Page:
The Rapture emerged from the scratchy post-post-punk revival on the West Coast before moving to New York in 2000, where they became the city’s premier disco punks. But what they’ve evolved into is a lot closer to, well, classic rock. Not surprising, really. If 2011 is “everything time,” as the Rapture’s fellow Brooklynites in Gang Gang Dance put it, and if the recently shuttering of NYC rock radio station WXRP was, as New York magazine’s Michael Idov wrote, proof that in “rock music, every heir to icons past — be it the Beatles or Joy Division — now belongs to a niche genre,” the Rapture’s third album, In the Grace of Your Love, navigates that surfeit of options with a clear head and the strongest unit of songs the band’s ever written.
Naturally, it came out of turmoil. In the Grace of Your Love is the Rapture’s third full album, and their second for DFA after an unhappy sojourn on Universal/Motown. Bassist-songwriter Mattie Safer left; guitarist-songwriter Luke Jenner’s mother committed suicide shortly after he began his own family; and in 2009, he converted to Catholicism.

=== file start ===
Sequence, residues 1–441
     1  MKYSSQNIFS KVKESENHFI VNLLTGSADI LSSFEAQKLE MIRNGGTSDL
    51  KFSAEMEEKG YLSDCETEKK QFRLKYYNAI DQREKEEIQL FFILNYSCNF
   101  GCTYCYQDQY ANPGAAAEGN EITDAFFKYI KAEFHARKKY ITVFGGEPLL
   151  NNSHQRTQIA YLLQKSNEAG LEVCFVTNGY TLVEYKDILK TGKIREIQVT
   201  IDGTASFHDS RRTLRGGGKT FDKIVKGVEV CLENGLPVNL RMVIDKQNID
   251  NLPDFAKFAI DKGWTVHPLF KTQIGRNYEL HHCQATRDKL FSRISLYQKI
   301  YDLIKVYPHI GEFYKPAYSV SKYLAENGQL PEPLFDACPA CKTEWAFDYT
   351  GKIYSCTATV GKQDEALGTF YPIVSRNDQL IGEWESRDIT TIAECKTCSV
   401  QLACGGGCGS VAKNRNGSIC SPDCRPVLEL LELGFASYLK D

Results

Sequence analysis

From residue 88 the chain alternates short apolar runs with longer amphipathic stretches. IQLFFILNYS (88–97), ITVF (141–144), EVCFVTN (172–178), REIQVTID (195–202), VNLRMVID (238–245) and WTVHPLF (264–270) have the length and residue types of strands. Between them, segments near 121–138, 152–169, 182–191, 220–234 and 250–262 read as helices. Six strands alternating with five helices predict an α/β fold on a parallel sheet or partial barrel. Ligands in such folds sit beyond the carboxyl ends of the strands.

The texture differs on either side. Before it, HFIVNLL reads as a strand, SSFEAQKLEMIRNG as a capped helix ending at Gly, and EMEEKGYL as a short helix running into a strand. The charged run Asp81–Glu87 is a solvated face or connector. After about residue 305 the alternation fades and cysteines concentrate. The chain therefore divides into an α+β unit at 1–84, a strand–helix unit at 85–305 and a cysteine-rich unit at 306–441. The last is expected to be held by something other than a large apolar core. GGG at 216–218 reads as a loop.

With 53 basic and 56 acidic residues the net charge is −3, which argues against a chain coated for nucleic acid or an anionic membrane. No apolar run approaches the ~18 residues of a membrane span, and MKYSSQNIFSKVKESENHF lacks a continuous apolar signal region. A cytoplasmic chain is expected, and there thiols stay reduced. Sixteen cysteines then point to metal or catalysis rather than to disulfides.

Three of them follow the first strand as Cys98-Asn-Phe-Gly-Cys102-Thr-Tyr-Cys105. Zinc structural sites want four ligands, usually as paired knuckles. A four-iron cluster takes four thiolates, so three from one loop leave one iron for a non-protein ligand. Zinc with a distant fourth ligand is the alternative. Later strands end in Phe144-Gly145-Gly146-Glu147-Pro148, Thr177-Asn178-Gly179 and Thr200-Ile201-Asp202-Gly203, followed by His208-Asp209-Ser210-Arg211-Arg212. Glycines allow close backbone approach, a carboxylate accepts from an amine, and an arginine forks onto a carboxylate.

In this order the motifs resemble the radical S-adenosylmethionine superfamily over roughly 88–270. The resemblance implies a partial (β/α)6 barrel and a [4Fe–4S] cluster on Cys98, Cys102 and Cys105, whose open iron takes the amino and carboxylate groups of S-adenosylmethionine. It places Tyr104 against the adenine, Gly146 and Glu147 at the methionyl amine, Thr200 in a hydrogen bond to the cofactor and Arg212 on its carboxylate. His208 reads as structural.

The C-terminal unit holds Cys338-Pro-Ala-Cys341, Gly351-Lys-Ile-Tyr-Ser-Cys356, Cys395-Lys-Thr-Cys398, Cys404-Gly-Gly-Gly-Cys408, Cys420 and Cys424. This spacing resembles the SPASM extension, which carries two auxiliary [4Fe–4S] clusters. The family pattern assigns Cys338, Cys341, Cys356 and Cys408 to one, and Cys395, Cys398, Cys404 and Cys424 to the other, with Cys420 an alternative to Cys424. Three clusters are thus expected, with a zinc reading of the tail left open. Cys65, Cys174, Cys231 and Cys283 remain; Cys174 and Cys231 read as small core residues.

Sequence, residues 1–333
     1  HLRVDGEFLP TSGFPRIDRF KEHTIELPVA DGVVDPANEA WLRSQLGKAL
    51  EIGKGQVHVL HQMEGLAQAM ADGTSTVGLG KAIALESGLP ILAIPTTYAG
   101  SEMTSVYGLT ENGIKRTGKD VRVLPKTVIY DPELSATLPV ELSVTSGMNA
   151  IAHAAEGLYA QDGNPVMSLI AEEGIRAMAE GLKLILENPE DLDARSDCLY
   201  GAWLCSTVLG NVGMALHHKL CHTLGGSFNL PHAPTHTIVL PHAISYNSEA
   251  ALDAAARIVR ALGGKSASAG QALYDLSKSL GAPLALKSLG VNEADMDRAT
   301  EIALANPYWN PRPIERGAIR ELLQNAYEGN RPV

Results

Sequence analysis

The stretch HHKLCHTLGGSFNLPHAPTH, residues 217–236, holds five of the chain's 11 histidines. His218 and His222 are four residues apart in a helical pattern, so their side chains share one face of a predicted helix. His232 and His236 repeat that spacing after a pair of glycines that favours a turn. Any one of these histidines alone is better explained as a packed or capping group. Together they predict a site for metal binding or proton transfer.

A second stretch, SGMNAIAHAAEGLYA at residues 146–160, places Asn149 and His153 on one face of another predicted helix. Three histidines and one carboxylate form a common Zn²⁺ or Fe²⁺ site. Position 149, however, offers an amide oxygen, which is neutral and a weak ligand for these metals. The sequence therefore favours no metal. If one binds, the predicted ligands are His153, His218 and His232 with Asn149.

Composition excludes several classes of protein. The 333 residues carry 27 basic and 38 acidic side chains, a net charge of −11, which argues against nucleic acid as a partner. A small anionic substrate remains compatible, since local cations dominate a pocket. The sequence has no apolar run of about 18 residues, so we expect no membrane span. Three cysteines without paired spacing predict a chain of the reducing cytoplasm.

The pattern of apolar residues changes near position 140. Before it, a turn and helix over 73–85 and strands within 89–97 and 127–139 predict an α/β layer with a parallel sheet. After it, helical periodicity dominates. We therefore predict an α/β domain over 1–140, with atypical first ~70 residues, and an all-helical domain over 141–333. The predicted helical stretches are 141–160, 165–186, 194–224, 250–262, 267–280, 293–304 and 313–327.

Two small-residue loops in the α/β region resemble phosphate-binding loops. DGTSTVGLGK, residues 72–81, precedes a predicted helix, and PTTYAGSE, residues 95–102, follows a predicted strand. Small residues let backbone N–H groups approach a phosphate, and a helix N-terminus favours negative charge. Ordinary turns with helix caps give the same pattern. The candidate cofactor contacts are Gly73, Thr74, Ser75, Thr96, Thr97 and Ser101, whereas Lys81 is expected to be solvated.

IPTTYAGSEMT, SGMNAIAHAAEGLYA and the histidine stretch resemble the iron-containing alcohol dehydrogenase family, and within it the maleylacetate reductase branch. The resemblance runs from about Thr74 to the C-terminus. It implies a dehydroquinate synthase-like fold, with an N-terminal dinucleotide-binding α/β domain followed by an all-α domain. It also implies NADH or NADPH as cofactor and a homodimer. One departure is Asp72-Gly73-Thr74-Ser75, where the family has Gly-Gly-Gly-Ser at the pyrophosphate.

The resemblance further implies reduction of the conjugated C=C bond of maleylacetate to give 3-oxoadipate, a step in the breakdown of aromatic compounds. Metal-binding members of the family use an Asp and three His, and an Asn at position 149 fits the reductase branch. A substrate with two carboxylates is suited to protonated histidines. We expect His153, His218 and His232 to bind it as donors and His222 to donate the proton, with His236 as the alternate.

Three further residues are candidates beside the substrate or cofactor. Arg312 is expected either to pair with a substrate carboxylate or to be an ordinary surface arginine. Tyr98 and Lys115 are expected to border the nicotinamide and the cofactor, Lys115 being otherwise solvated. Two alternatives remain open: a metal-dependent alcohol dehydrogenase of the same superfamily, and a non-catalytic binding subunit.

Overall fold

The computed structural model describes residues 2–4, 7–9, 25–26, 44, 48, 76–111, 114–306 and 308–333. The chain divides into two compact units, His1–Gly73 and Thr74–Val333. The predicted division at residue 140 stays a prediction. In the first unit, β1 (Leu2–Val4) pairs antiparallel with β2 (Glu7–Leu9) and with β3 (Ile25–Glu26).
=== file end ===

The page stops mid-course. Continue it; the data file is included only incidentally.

The songs reflect it boldly: The title song’s refrain goes, “Heaven, heaven, heaven, heaven/ Don’t want you dead.” The ghostly accordion and muffled dance beat of “Come Back to Me” — clearly, these guys have been cocking an ear to Ricardo Villalobos’s Latin-tinged minimal techno — accompany lyrics such as, “I welcome you/ Back into my heart/ My spirit, nourishing spirit.”
Jenner isn’t above the sins of the flesh: The “roll with me” of “Roller Coaster” hints at an Ecstasy trip. But “How Deep Is Your Love?” is the album’s mission statement. It’s a straight-up piano-house anthem, albeit one with a rock band, including saxophone, playing on it. Jenner has typified this song as a “prayer.” That’s how it feels, too.